It’s no secret that during the coronavirus pandemic rates of telehealth usage have skyrocketed. Teladoc, one of Amwell’s biggest competitors, announced a major spike in demand in its first quarter. In its April earnings call it disclosed that its year-over-year revenue grew 41%, from $128.6 million in 2019 to $180.8 million in 2020. It also reported that total visits grew by 92%.

“You have a perfect storm that says we need to fend all people’s healthcare concerns somewhere else,” Schoenberg said. “So, telehealth sort of stepped in to become the aggregator or the destination where people went to. … That translated in a matter of days or maybe a week. … Somewhere in the middle of March to what we see today which is a sustained about thirty-fold increase in volume. This is not 30%, this is not 300%, this is 3,000% of growth and increase in telehealth.”


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Treatment guidance for lung cancer patients during the COVID-19 pandemic

Lung cancer patients are at heightened risk for COVID-19 and the reported high mortality rate among lung cancer patients with COVID-19 has given pause to oncologists who are faced with patients with not one, but two severe, life-threatening diseases.

To help oncologists address the many challenges COVID-19-positive lung cancer patients present, a team of global lung cancer specialists this week published a review of lung cancer treatments for patients with COVID-19 in the current issue of the Journal of Thoracic Oncology, the official journal of the International Association for the Study of Lung Cancer (IASLC).

“The purpose of this manuscript is to present a practical multidisciplinary and international overview to assist in treatment for lung cancer patients during this pandemic, with the caveat that evidence is lacking in many areas,” said lead author Chandra Belani, MD, chief science officer for the IASLC, Professor of Medicine and Oncology at the Penn State College of Medicine and Penn State Cancer Institute.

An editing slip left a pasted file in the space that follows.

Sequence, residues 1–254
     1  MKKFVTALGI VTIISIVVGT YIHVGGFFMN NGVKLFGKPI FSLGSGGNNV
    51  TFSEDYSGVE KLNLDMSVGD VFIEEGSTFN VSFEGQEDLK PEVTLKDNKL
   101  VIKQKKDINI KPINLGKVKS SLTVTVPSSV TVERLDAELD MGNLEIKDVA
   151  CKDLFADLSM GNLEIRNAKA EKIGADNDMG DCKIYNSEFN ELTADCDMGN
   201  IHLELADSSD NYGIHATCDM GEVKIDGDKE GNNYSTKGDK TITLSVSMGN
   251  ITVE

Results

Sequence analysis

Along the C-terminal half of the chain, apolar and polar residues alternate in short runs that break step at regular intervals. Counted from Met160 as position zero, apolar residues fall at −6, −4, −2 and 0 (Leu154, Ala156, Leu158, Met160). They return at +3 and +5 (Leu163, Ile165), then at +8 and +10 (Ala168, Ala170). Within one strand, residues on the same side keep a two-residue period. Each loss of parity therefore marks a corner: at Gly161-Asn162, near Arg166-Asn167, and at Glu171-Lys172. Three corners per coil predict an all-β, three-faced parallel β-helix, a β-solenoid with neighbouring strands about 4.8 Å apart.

As a group, lung cancer patients tend to be older and have an increased risk of relative immunosuppression from the underlying malignancy and from anti-cancer treatments. Furthermore, patients with lung cancer may have additional comorbidities, including a history of smoking and pre-existing lung disease.

“A major consideration in the delivery of cancer care during the pandemic is to balance the risk of patient exposure and infection with the need to provide effective cancer treatment,” Belani writes.

The rapid onset of the COVID-19 infection requires careful consideration of urgent decisions to treat lung cancer. Treatment decisions balancing the risk of exposure with effective care require close multidisciplinary discussions and thorough deliberation between caregivers and patients. The duration and severity of the COVID-19 pandemic are unclear, and treatment delay alone will be insufficient to provide optimal treatment to cancer patients.

“In combination with determining a treatment path for lung cancer, physicians should educate patients to help them prevent further spread of COVID-19 according to WHO and CDC guidelines,” Belani urged colleagues.

COVID-19 complicates cancer care further by forcing patients into self-isolation to protect themselves, other patients, providers, and family members.

“Self-isolation goes against best practices for treating cancer patients, which often calls for joining support groups, reaching out to loved ones and family members for assistance and remaining active,” Belani said. “The decision regarding immediate vs. delayed treatment during the COVID-19 pandemic should balance the delay of treatment in the presence of existing co-morbidities vs. the possible harm from COVID-19.”